Western Australia storm
© JMA/Himawari-8, RAMMB/CIRA
Western Australia was hit by its worst storm in a decade on Sunday, leaving about 50,000 homes and businesses without power as the weather bureau recorded wind of up to 130kph.

Up to 100 millimetres of rain is expected to fall along the west coast, while tides are predicted to swell before reaching a peak of 8 metres on Monday.

The storm was caused by the remnants of a tropical cyclone meeting a cold front, and emergency services have warned of flooding and dangerous seas.

Officials said conditions were expected to worsen overnight as the severe storm progressed.

The acting assistant commissioner of Western Australia's department of fire and emergency services called the storm "a once-in-a-decade-type system".

James Ashley, of the weather bureau, said the formation was dynamic and complex, as a system from Cyclone Mangga in the southern Indian Ocean interacted with the cold front.

"It's affecting a large area. Normally, at this time of the year we're just concentrating on severe weather with cold fronts across south-west WA," Mr Ashley said.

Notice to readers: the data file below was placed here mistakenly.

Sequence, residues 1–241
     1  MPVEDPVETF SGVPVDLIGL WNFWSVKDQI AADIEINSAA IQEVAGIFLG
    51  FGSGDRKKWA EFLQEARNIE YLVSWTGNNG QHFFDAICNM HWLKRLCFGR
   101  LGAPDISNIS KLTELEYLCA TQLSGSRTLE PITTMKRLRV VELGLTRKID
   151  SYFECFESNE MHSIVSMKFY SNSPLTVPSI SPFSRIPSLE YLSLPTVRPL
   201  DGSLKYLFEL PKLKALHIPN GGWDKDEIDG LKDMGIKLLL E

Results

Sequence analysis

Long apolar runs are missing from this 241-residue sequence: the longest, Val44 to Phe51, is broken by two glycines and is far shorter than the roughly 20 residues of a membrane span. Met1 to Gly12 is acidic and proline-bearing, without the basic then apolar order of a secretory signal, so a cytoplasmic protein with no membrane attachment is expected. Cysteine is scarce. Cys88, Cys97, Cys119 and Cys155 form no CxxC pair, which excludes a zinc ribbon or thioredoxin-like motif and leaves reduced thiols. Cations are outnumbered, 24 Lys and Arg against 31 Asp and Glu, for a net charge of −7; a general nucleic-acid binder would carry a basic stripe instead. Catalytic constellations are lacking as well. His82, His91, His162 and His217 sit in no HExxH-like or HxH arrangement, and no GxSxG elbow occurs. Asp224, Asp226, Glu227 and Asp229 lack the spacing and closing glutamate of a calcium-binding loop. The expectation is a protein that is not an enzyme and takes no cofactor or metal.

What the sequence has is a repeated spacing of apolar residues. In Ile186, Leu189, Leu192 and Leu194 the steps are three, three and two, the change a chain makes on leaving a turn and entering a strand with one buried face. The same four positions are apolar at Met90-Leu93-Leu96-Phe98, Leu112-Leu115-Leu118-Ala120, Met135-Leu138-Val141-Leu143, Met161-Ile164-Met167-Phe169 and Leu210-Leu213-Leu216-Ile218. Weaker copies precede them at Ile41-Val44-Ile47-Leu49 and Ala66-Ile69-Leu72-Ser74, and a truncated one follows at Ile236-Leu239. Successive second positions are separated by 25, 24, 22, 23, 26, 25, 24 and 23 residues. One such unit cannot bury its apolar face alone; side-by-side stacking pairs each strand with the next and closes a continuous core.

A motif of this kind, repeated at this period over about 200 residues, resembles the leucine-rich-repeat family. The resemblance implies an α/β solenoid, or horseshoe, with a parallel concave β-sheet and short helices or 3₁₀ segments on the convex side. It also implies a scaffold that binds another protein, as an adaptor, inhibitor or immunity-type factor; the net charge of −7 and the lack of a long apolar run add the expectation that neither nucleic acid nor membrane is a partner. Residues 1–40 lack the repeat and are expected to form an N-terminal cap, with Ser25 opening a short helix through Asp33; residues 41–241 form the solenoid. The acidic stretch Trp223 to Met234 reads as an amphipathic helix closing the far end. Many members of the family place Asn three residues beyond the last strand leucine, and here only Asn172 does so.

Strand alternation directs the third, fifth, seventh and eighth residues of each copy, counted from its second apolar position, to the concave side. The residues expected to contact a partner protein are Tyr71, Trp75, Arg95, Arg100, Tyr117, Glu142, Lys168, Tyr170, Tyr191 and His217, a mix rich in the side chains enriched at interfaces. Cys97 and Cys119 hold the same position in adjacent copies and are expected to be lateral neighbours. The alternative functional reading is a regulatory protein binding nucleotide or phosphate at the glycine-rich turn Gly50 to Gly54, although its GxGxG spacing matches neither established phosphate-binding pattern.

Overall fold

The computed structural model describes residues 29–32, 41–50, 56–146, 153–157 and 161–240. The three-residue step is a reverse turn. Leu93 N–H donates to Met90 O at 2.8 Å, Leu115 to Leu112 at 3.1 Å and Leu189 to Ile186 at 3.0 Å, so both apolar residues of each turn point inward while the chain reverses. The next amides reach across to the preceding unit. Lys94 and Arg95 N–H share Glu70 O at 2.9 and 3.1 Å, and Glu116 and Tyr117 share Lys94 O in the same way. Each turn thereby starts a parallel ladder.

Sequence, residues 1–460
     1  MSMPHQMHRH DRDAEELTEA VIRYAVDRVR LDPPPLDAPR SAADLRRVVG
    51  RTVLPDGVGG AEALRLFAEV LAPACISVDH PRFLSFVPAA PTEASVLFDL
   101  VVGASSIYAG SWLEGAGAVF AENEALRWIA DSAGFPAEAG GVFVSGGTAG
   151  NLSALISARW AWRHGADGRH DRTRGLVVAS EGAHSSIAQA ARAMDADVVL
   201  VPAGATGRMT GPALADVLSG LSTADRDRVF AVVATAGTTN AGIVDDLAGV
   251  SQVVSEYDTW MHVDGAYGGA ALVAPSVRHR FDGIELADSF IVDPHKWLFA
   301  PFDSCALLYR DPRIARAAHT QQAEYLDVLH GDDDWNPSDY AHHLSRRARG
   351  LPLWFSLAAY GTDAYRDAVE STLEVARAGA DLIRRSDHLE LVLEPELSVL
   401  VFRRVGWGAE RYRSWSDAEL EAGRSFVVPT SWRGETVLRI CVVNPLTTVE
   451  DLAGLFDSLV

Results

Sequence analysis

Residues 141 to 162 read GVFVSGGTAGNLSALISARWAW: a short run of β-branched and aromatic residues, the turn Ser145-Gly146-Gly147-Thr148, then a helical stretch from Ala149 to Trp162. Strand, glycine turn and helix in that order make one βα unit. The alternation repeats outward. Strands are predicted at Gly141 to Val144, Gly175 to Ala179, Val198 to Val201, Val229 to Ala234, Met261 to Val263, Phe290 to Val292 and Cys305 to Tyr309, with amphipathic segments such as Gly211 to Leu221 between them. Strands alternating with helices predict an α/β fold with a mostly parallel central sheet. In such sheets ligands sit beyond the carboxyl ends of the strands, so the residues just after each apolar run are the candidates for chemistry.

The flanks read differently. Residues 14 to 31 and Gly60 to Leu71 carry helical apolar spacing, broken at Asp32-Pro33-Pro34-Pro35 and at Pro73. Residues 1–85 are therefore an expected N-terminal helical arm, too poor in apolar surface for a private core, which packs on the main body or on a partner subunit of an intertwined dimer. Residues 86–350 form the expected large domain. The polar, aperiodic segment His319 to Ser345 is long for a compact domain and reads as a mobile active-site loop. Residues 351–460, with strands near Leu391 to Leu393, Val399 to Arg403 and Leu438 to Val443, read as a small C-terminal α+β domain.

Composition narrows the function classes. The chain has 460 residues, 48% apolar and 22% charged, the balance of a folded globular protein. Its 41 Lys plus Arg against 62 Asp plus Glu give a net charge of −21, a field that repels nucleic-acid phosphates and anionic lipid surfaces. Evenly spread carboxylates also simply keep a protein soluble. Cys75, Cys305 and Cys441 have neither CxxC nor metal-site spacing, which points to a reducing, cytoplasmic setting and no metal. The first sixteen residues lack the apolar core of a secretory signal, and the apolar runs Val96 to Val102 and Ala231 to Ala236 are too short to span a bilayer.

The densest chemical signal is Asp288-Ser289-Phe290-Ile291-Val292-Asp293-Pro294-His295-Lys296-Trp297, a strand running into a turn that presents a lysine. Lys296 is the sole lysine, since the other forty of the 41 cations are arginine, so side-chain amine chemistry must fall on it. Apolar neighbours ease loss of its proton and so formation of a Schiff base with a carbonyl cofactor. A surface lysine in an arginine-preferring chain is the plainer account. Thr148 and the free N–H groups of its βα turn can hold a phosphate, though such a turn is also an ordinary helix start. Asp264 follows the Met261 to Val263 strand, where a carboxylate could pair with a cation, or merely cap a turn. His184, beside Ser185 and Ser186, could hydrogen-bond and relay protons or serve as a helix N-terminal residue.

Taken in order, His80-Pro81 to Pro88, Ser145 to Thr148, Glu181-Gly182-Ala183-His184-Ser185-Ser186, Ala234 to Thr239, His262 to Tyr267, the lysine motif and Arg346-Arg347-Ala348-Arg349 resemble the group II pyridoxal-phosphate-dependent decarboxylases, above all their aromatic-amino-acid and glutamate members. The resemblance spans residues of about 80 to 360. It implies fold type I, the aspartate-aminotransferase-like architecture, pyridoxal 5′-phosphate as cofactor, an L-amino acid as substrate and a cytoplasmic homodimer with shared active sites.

"With the tropical interaction, it's meaning that north-western parts of the state are being affected, and it's going to produce rainfall right through into the Kimberley (region) as well.

"So pretty much the whole of WA will be affected by this system, which makes it really quite unusual."

A power company said some households should expect to remain without electricity overnight, particularly in places where it was not safe for crews to repair the network.

The worst of the weather was due to hit Perth later on Sunday evening and Monday morning, and not ease until Monday afternoon.

There were reports of damage to buildings, homes, fences, electricity infrastructure and trees across Perth as the storm front moved south.